Ideology and Climate Change

If you’ve been watching this page, you know that this is the second part of a larger post. My first post was a brief discussion of the economist, David Ricardo and his views on the growth of inequality and how to tax it back into balance. 

If you read my post of a few days ago about the great economist Ricardo and his argument for progressive taxation, this will be something of a follow up to that. A “Part Two.”

He argued that since the amount of food-producing farmland in England always stay more or less the same size, but the population would always increase, then the value of land would go up because of its relative scarcity. And one class of people would become richer and richer, not because they created something or produced something (at least something more than what they were already producing), but simply because the demand for their product had gone up. And if this continues, it would skew the economy and do damage to those who did not have access to this resource.

So, he argued for something that we might call today a “Progressive Tax,” that is, increase the taxes on land to keep the land owners’ income more within the range of ordinary Brits.

This post today has some overlap with that, that’s why I am considering it the second part of a two-part, longer essay. Recently (Friday, September 13, 2014), Bill Moyers had on his show a climate scientist named Katherine Hayhoe. When he asked her why it was that so many people simply denied the science about climate change, she answered something like the following, with my additions and commentary.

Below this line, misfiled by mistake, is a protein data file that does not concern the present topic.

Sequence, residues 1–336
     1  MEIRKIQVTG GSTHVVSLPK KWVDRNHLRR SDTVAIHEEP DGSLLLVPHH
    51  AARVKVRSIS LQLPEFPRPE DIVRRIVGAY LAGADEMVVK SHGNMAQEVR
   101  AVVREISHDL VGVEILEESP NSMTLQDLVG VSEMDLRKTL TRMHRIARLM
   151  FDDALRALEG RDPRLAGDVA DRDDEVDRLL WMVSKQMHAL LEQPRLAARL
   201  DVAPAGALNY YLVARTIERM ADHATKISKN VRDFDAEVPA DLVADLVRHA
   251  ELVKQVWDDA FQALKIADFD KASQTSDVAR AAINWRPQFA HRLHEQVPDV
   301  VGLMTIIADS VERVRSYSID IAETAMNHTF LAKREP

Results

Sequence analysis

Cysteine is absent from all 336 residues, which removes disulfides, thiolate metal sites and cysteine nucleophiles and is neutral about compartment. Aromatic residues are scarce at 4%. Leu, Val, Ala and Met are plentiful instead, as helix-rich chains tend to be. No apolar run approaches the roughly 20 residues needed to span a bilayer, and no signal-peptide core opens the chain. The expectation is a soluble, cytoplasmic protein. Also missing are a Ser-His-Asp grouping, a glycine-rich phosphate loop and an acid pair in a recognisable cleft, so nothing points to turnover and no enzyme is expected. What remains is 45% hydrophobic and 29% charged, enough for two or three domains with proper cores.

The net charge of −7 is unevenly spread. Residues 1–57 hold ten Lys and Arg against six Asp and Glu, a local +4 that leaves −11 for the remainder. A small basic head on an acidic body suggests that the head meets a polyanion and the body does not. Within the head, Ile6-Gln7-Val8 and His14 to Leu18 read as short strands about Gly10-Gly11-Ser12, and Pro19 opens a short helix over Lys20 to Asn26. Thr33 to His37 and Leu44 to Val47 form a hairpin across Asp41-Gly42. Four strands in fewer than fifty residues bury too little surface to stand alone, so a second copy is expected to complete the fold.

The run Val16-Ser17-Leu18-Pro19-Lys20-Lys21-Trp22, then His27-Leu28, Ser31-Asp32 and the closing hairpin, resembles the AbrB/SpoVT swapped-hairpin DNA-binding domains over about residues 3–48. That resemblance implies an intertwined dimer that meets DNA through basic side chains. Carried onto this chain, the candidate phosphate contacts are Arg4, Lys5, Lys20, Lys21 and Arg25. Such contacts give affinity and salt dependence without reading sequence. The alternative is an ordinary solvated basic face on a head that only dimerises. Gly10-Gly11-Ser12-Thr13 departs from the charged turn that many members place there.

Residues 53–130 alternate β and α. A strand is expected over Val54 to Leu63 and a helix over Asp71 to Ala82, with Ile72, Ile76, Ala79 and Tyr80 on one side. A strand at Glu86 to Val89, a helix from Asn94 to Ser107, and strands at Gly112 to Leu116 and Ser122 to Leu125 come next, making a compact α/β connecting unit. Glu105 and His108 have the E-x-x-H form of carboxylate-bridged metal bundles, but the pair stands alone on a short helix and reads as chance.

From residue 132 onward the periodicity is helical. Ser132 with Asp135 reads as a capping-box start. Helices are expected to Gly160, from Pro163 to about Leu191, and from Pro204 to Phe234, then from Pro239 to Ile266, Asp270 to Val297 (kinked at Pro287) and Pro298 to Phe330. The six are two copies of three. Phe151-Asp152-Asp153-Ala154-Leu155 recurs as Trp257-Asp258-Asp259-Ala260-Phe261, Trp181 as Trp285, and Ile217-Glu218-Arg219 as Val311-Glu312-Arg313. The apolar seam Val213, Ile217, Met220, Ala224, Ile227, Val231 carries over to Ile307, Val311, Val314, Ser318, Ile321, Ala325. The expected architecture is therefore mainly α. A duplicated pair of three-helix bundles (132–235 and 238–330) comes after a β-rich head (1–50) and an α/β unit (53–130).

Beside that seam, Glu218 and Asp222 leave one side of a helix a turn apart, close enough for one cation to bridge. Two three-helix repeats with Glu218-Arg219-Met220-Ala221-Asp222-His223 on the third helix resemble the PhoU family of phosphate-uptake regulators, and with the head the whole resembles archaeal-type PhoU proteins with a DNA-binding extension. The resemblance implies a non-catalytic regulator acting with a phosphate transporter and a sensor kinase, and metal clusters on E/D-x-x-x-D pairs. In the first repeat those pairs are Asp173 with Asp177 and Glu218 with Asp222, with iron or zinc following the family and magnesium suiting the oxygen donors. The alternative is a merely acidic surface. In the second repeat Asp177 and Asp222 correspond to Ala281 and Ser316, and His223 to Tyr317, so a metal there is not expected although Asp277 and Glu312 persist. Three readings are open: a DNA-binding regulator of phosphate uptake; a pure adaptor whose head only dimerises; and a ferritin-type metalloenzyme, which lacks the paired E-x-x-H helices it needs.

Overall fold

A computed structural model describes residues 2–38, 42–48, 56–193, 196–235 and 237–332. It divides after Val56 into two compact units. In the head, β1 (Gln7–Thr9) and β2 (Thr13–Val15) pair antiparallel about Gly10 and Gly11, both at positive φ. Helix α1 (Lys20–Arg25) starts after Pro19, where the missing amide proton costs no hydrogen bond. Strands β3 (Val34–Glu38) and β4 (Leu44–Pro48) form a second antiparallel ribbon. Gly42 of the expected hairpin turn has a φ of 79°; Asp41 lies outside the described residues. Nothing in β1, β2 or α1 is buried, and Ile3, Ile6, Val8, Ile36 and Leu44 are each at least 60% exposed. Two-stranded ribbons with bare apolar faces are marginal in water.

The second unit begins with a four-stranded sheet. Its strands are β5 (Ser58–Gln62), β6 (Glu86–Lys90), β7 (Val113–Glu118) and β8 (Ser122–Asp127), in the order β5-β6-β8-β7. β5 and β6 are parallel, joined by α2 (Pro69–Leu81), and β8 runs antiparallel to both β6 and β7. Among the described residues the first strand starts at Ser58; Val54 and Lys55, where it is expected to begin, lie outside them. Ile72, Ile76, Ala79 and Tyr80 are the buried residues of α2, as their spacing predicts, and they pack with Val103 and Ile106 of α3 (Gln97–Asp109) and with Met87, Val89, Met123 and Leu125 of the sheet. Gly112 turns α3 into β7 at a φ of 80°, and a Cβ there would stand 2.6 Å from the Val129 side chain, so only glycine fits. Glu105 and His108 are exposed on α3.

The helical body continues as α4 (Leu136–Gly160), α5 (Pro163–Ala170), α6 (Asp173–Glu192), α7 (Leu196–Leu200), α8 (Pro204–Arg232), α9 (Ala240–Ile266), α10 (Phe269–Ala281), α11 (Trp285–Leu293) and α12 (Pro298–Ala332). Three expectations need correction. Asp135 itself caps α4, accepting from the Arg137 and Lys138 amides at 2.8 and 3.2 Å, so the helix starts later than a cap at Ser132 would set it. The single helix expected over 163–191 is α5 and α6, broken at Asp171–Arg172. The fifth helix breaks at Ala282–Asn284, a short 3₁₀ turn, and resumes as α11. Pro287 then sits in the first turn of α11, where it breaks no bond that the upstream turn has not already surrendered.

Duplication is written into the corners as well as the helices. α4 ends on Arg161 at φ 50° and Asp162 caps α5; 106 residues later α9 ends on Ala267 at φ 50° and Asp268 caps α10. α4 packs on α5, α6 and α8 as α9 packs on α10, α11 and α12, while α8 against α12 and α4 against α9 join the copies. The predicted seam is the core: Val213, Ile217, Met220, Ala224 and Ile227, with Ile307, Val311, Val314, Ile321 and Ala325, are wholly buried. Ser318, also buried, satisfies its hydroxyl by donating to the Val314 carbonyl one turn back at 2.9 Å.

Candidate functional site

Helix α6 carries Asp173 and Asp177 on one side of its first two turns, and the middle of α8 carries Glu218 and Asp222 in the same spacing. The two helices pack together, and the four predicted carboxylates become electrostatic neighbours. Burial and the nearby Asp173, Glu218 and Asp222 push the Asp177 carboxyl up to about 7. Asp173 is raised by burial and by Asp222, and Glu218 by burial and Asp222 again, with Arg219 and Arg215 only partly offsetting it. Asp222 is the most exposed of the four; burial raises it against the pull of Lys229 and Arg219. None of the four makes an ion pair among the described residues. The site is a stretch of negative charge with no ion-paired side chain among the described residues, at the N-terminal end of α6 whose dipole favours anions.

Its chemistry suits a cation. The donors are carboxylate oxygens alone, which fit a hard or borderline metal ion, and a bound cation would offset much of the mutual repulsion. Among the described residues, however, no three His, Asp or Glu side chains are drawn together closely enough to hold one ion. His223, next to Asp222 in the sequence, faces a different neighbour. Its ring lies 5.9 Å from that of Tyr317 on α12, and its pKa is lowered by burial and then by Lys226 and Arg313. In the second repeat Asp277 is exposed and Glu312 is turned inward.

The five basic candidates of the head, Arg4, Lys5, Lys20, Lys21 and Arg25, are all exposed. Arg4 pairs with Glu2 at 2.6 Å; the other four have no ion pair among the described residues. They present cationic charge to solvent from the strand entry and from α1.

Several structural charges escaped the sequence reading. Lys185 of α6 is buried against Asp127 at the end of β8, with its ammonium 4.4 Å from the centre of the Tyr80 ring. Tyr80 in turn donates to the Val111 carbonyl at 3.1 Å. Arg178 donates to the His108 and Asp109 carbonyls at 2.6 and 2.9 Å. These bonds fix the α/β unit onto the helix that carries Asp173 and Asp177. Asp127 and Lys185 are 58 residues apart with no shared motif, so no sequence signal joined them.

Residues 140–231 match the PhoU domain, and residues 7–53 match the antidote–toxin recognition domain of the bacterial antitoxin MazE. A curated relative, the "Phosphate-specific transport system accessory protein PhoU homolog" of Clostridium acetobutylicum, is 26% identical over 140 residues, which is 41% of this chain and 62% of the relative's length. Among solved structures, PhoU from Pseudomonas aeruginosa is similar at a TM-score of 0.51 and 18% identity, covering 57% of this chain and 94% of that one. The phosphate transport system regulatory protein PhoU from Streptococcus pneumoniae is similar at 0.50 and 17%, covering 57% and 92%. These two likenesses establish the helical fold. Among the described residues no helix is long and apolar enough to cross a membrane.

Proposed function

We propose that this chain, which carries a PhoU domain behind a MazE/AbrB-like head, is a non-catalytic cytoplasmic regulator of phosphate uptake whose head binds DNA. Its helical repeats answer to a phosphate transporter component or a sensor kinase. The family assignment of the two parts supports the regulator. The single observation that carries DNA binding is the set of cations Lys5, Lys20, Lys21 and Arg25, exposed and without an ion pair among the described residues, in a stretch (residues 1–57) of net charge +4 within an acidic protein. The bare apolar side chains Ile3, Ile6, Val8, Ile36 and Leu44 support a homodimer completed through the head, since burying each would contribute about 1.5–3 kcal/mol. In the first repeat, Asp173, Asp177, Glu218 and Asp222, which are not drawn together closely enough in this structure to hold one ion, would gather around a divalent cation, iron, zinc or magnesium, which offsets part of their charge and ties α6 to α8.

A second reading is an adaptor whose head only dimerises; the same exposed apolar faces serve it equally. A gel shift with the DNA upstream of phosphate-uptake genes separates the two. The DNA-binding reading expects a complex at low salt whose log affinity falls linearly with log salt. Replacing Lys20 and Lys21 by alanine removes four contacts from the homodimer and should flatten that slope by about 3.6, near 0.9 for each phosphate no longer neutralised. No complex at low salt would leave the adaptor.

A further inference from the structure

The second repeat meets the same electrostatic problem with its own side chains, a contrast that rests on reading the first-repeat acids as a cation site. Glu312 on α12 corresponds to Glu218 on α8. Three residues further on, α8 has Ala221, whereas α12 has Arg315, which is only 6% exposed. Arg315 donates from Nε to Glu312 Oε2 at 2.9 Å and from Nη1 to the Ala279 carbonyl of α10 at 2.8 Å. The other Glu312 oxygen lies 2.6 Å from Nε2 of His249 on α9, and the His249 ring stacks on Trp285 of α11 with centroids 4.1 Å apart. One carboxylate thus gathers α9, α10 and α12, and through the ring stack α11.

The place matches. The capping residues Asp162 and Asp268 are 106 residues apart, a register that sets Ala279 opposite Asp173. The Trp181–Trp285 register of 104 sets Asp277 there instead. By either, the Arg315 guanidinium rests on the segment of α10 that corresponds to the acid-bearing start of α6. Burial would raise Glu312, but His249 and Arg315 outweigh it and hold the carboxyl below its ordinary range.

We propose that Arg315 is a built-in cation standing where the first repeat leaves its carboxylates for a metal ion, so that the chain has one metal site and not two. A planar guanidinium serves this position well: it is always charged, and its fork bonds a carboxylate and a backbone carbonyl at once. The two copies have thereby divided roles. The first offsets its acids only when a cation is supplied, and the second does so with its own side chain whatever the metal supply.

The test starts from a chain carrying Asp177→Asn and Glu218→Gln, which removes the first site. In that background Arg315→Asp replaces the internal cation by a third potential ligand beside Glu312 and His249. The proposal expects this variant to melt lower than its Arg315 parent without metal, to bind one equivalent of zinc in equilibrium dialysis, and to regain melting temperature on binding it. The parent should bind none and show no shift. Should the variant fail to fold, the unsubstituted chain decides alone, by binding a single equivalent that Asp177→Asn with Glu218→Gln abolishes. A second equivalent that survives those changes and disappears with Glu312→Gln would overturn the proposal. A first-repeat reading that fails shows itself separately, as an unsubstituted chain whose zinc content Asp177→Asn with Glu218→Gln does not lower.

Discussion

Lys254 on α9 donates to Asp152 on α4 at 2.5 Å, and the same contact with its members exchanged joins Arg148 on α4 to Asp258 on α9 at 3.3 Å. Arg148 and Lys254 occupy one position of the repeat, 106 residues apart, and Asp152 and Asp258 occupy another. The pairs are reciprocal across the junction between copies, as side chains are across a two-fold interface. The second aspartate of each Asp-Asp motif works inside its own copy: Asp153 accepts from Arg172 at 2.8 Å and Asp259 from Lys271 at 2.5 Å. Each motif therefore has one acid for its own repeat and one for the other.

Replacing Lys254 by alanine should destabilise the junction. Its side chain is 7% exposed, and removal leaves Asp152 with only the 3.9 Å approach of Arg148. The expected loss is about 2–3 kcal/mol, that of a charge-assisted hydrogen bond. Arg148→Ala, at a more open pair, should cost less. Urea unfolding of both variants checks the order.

She said that for Republicans (not to be confused with “Conservatives,” who share some of the same positions, but who do not have the restrictions of fund raising in influencing their opinions), there are two conflicting problems. For one, they strongly believe (or must claim they believe) that government is bad, and government programs do not work. That’s not totally true, of course. Most modern day Republicans will support government funds for the military and police and roads programs and a few other things. But generally speaking, as a broad philosophical position, they are the first to say that government is the problem (and the last to say that it is the solution) and that trust in the free market is the answer to most problems. On the other hand, Climate Change is a huge and global threat like nothing we have ever seen before. Left unchecked, it will destroy the globe and all of our children and children’s children. And, perhaps more importantly, it is something that simply cannot be addressed without massive government intervention. Your own personal recycling simply will not get us there.

So, how do they reconcile those two positions? They can’t deny the existence of government. They can’t deny the fact that it will take a major government action all over the planet to turn around the problem. So, what they wind up doing is denying the existence of the problem. They continue to claim that there is a debate about it when there actually is not, or that it’s true, but humans did not exacerbate it (and it will go away) or that there is nothing there at all and the problem is just a hoax.  

It’s a tragic paradox for them, but given the fact that they have to be re-elected and they have to maintain their belief that government cannot fix things, then they almost have to create this illusion that their denial of the science somehow has some legitimacy.

She was also asked by Bill Moyers her thoughts on climate science deniers “in the street.” She is a practicing Christian, so he put it pointedly: why do Christians believe this in such large numbers?

Her first answer was that most people just don’t know the research, but it was more complicated than that. People don’t have time to look up Climate Change and study the issues. So, they make up their minds by following people who they trust. And the guy (usually a guy) who they elected into office is one of those. When they don’t know how to look into it on their own, they trust their Congress person, and if he or she says there is no issue there, then they feel like they have to agree. It’s not malicious, it’s just the way that people have to be to make sense out of things that are above their abilities (and time).